By Monalisa Bhattacherjee on September 1, 2020
In the 1950s a theory championed by two linguists, Edward Sapir and Benjamin Lee Whorf, became popular. The kind of language we use, they argued, influences our worldview and the way we conceptualize reality around us.
Adopting this hypothesis, cognitive linguist George Lakoff has presented groundbreaking work, arguing that we live in a metaphorical reality. “[M]etaphor pervades our normal conceptual system,” Lakoff says.
If we pay attention to our everyday speech patterns, we can notice the frequent use of animal metaphors, including phrases, idioms, proverbs and similes. Yet that is not necessarily a good thing. Such usage can serve to dehumanize animals, which can then make them more vulnerable to abuse.
Some experts have explained that we use animal imagery metaphorically in order to talk about various aspects of life, which is a habit that can create a false impression of the animal world. Worse: instead of real encounters with them, we often approach nonhuman animals through folktales, fables, and legends.
Through common usage certain tropes can influence people’s attitudes towards certain animal species. Our conceptual frameworks are composed of discourses and ideologies, which influence how nonhuman animals are viewed by people in general.
Yet “animals do not consent to their treatment because of ‘false consciousness’ generated through ideological assumptions contained in discourse,” explains Arran Stibbe, a distinguished professor of ecolinguistics at the University of Gloucestershire in the United Kingdom.
We pepper our everyday speech with prejudicial views of animals: “greedy pig,” “ugly bitch,” “sick as a dog,” “cunning as a fox,” to name a few. The expressions are derogatory in nature and establish images of animals as morally flawed beings, which further dehumanizes them in many people’s eyes.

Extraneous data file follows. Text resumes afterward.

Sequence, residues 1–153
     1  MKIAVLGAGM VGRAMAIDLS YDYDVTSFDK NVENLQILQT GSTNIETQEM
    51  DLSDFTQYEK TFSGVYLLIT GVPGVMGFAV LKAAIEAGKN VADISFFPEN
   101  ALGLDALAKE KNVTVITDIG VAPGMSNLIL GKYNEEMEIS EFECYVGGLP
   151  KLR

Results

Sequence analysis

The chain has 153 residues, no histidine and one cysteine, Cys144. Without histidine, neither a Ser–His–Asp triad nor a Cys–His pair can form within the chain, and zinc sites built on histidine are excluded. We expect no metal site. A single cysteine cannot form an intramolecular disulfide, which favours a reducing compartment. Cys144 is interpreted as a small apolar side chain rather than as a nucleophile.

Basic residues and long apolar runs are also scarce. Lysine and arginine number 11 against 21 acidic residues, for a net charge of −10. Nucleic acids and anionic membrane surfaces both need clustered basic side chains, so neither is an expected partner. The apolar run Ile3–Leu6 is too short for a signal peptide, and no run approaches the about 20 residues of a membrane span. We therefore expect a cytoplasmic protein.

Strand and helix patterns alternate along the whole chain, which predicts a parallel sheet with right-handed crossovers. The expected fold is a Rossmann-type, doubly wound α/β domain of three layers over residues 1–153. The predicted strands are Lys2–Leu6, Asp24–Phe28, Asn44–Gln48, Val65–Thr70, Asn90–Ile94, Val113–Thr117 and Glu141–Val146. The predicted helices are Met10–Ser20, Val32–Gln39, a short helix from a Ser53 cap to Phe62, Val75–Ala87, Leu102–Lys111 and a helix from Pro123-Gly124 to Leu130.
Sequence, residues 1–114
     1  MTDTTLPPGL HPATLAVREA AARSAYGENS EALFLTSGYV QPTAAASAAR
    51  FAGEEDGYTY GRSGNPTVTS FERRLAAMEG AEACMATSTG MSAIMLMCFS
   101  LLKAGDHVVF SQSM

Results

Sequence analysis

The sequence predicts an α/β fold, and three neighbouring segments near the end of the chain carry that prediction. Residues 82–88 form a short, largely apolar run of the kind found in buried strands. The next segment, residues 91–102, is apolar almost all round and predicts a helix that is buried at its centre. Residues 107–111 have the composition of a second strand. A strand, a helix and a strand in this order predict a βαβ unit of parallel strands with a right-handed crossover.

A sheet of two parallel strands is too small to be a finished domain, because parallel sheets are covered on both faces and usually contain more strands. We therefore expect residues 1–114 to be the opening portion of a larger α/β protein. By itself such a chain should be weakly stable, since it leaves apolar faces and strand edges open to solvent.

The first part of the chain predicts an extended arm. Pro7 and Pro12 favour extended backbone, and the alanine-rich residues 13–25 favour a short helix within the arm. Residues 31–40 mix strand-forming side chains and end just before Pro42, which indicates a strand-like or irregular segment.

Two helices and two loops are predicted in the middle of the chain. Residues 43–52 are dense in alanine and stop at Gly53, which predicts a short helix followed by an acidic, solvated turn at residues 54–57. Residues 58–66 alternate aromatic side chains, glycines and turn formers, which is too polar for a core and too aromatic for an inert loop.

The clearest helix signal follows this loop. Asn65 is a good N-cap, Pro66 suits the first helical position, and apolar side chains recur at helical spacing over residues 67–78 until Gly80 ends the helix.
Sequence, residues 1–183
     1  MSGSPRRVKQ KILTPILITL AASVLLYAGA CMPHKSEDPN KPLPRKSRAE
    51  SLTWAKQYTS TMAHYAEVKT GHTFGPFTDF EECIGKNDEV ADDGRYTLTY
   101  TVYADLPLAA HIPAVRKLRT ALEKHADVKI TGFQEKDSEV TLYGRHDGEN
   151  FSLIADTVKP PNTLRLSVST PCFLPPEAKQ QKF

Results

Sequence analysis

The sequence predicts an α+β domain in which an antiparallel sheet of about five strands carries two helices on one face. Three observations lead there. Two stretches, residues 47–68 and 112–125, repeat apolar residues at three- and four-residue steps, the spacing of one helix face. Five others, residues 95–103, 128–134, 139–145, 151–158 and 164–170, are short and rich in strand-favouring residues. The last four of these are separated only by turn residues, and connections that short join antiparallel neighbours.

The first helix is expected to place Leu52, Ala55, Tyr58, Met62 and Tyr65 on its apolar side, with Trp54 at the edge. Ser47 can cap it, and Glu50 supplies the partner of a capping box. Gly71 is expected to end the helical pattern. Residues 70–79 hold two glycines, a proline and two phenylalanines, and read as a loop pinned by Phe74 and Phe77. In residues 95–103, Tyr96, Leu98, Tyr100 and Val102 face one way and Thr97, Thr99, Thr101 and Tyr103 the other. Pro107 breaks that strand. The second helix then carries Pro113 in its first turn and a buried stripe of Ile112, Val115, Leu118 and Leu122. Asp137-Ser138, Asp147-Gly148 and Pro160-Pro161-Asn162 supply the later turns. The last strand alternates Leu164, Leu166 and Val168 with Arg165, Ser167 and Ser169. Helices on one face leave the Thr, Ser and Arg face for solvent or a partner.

A study has found that such negative usage determines our everyday thinking to a great extent. This ideological positioning of animals in mainstream discourse bolsters injustice towards animals and fosters speciesism.
Some recent incidents of animal cruelty, including the killing of a pregnant elephant in India with a pineapple stuffed with explosives and the killing of a pregnant cow in a similar way, underline how cruelty to animals can be legitimized verbally. In fact, the very word “animal” is derogatory if used about people as we seek to differentiate ourselves from nonhuman animals.
That is why we need to mind our language. The animal rights movement has long recognized this, having been galvanized by Australian moral philosopher Peter Singer’s celebrated book Animal Liberation.
More and more animal rights activists identify the power of linguistic devices in shaping our perceptions of animals. As a result, they have introduced terms such as “nonhuman animal” and “other-than-human animal” instead of simply animal; “companions” instead of “pets”; and “caregivers” instead of animal “owners.”
The aim is to reform language in a way that will create a kinder and more inclusive linguistic environment for nonhuman animals so that they will be seen as sentient beings capable of suffering.
We are facing an ecological crisis across the planet as we have reshaped global ecological structures to an alarming extent. The consequences will be felt for generations to come.
That is why it is high time we all started expressing genuine concern for animals in all the planet’s ecosystems. One way to do that is to speak more respectfully of all living beings.